1. Identification

The ability to identify whether or not you’ve been breached is paramount. There are many different Points of Compromise (POC) to consider, but more importantly, you need to be able to recognise that a breach has occurred in the first place – without this step, a cybercriminal could infiltrate your entire network.

Questions to ask:

When did the incident happen?

What alerted us to the breach?

Who discovered that a breach had occurred?

What is the POC?

Which areas in our network have been impacted?

How have our operations been impacted?

  1. Containment

Unfortunately, when a breach is first discovered, the initial instinct of most IT teams is to immediately close the breach and delete any suspicious files. The problem is that this not only destroys valuable evidence, but it also drastically reduces the chances of determining who infiltrated the system, how they did it, and whether or not they’ve left a backdoor open or there are other vulnerabilities that they (or other cybercriminals) can exploit.

Instead, it’s critical to contain the breach so that it doesn’t cause further damage to your business without deleting it. Affected devices should be disconnected from the Internet and a redundant system back-up should be in place to quickly restore business operations.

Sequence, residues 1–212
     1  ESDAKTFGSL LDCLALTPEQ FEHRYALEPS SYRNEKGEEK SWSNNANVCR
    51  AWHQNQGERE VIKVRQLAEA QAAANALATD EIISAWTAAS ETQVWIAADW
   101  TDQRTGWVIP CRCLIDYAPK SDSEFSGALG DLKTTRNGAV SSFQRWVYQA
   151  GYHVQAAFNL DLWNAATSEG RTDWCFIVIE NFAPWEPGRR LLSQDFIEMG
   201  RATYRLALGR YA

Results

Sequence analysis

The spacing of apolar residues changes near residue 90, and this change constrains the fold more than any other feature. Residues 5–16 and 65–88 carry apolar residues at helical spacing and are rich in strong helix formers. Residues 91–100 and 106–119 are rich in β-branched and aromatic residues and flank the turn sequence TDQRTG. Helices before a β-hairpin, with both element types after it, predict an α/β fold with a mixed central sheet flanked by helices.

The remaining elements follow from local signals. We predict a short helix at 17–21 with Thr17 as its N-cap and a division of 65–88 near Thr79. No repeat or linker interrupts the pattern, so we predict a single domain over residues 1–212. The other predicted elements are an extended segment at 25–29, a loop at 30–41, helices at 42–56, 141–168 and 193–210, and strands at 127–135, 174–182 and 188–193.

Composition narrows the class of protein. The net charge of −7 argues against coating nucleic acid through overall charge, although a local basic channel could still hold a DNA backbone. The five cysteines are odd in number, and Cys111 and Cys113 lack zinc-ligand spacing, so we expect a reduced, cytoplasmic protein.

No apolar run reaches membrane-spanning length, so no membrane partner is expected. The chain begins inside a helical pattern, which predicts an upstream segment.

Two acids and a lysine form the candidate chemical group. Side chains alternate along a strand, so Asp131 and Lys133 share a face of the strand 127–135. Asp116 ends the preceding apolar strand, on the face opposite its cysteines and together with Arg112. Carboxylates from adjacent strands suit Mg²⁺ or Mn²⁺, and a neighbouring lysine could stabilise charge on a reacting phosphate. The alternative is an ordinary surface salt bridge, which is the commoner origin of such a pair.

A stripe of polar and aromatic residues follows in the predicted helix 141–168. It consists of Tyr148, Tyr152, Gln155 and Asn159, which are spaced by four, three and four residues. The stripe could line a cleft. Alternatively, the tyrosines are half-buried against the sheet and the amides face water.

Questions to ask:

What is our short-term breach protocol? Has it been followed?

What is our long-term breach protocol? Has it been followed?

Has malware been confined from the rest of the network?

Have we implemented our backups?

Are our security patches up to date?

  1. Eradication

Containment is naturally followed by eradication, but only once the breach has been forensically investigated and you have all the information you need to take the matter to court (if necessary) and ensure that no subsequent breaches will take place through similar vulnerabilities. Once this is in hand, you can eliminate the root cause of the breach. Be thorough. Any trace of malware can result in additional data being lost, a subsequent breach and increased liabilities.

Questions to ask:

Have artifacts/malware from the attacker been securely removed?

Has the system been hardened, patched, and updates applied?

Can the system be re-imaged?

  1. Recovery

Your business will not be fully operational until all systems and devices have been restored and are back on your (patched and secure) network.

Questions to ask:

Do we have trusted backups that were unaffected by the breach?

How quickly can we return to business as usual?

Have all systems been patched, hardened and tested?

Have all passwords been reviewed and reset?

Do we have multi-factor authentication in place?

How has this experience impacted our IR plan going forward?

Next steps

One of the key components of an IR plan is that all breaches are not just closed and suspicious software deleted, but the entire incident is forensically investigated. This ensures that the incident is analysed and documented, which gives your business and response team the tools and insights to address future vulnerabilities.

How Cyanre can help

Our team of experts at Cyanre is standing by to play a strategic and hands-on role to lead you through the process and secure your business. Connect with us at today.